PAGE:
Chapter

“MISTRESSES OF THEIR OWN DESTINY”: GROUP RIGHTS, GENDER, AND REALISTIC RIGHTS OF EXIT

Susan Moller Okin

in Citizenship and Education in Liberal-Democratic Societies

Published in print August 2003 | ISBN: 9780199253661
Published online January 2005 | e-ISBN: 9780191601972 | DOI: http://dx.doi.org/10.1093/0199253668.003.0013
“MISTRESSES OF THEIR OWN DESTINY”: GROUP RIGHTS, GENDER, AND REALISTIC RIGHTS OF EXIT

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The essays in Part III of the book, on liberal constraints and traditionalist education, argue for a more regulatory conception of liberal education and emphasize the need for some controls over cultural and religious educational authority. Susan Okin, in her essay on group rights, gender, and realistic rights of exit, is mostly concerned, not with the oppression of traditional groups by the liberal state, but with the oppression of individuals, and especially of girls and women, by the traditional community. She is critical of those liberal theorists who argue that a right of exit is sufficient to qualify a cultural or religious group for special recognition in liberal societies, and to counter these views, she notes that the unequal treatment of girls and women can mean that even though they may have a formal right to exit a group, their actual opportunities for doing so are far less adequate than those of their male counterparts. She holds, then, that the right of exit is not sufficient and that the liberal state should have a higher requirement, namely, that girls and women should be treated fairly within the group and thus should be able to take advantage of any formal right of exit. The chapter is arranged in three sections: Section 12.1, Gender and Other Forms of Inequality in Group Rights Theories, shows, by looking at three examples of liberal defenders (as exemplified by Joseph Raz, William Galston, and Chandran Kukathas) of group rights, that they tend not to take gender inequality seriously when considering group rights and limitations; Section 12.2, Cultural Factors Affecting Women’s Realistic Rights of Exit, specifies and discusses a number of reasons that contribute to women being significantly less able than men, in many cultural contexts, to chart their own courses of life outside their community of origin; and Section 12.3. Rights of Exit and Realistic Rights of Exit for Women, concludes that the theories examined contain several problematic elements concerning rights of exit for women.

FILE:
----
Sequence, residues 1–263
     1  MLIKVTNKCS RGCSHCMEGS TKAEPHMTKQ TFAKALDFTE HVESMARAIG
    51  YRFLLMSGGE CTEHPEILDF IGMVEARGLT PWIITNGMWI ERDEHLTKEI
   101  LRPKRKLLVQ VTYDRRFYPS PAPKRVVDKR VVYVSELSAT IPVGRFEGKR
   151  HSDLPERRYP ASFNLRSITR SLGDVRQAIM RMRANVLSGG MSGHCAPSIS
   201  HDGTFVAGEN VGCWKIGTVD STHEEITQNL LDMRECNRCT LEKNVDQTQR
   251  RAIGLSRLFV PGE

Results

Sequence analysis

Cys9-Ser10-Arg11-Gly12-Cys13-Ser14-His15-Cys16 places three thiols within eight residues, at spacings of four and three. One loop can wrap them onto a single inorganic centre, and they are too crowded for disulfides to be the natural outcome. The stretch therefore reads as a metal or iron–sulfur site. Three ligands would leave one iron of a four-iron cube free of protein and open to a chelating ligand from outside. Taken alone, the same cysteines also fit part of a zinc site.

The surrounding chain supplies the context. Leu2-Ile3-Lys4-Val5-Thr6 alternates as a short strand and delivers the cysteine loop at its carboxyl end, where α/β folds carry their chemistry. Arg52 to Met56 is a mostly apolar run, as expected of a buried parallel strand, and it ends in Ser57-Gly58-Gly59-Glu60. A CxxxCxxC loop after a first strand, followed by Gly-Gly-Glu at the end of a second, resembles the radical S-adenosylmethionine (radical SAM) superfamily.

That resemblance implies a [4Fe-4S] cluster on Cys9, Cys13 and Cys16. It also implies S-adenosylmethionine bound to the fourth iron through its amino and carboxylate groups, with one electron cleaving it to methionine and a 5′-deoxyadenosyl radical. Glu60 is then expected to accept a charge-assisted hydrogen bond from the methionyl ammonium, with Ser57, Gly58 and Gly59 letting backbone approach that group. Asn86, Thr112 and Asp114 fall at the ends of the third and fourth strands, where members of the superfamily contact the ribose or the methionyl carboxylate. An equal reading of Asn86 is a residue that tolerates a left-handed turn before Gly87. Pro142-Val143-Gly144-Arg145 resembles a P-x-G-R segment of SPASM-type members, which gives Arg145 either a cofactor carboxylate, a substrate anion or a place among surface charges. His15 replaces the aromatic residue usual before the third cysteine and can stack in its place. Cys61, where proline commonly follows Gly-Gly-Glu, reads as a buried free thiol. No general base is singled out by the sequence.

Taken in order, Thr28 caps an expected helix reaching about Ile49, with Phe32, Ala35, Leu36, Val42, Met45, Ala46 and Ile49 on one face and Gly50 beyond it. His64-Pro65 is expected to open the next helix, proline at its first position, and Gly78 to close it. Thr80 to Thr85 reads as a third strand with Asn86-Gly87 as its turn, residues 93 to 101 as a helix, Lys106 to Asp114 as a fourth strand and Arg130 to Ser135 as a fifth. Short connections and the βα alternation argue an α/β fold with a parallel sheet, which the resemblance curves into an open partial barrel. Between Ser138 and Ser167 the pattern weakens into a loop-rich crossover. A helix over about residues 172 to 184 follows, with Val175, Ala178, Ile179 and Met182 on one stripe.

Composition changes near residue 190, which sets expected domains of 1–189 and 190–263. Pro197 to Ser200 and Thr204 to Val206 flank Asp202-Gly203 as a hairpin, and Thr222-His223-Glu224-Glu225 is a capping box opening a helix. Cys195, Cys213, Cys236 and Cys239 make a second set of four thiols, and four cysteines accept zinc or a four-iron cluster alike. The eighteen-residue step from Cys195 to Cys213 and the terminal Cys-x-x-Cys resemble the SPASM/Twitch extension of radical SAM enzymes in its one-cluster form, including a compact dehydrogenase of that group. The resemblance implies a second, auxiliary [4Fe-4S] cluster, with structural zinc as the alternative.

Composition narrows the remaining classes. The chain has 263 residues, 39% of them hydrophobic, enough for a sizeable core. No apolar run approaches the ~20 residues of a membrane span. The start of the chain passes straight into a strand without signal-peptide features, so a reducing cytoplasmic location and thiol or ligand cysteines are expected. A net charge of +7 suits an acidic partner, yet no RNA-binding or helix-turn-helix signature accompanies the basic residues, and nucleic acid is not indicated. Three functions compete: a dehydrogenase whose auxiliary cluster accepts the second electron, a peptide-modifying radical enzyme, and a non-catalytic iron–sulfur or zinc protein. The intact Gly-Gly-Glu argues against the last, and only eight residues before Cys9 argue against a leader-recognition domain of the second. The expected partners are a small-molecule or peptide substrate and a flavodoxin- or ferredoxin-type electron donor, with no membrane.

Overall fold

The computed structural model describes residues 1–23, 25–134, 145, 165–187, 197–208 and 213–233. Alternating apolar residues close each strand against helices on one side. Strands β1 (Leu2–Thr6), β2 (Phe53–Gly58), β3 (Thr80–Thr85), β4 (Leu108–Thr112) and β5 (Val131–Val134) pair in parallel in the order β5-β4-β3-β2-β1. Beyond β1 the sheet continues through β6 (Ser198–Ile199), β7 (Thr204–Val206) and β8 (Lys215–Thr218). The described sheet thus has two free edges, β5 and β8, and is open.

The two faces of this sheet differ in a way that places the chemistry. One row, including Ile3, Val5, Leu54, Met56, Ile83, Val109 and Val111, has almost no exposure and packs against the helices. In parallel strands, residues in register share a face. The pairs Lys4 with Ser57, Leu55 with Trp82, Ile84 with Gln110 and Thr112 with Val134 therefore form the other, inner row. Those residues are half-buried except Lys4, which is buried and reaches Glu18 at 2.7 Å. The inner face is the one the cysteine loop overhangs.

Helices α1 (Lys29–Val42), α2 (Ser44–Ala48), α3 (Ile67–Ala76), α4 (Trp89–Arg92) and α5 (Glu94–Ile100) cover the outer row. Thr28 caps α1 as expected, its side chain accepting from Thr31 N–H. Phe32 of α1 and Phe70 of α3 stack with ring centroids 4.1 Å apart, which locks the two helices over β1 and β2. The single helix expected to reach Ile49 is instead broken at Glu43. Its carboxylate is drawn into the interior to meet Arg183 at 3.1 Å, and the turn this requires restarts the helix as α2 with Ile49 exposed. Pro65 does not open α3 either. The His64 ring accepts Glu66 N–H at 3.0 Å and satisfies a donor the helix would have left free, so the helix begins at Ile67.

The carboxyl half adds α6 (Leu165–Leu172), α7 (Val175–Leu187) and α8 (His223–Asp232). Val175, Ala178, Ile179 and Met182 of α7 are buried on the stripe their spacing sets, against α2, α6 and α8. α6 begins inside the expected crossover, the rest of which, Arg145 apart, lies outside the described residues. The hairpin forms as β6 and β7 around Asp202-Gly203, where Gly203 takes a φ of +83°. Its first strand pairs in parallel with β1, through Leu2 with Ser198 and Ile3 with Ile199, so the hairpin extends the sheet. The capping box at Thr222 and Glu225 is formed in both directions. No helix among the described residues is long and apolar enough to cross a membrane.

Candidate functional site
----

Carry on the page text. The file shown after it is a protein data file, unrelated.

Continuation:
Keywords: Chandran Kukathas; cultural authority; cultural groups; educational authority; formal rights to exit; gender inequality; gender rights; girls; group rights; inequality; Joseph Raz; liberal education; liberalism; realistic rights of exit; religious authority; religious groups; rights to exit; traditionalist education; William Galston; women

Chapter.  12013 words. 

Subjects: Political Theory

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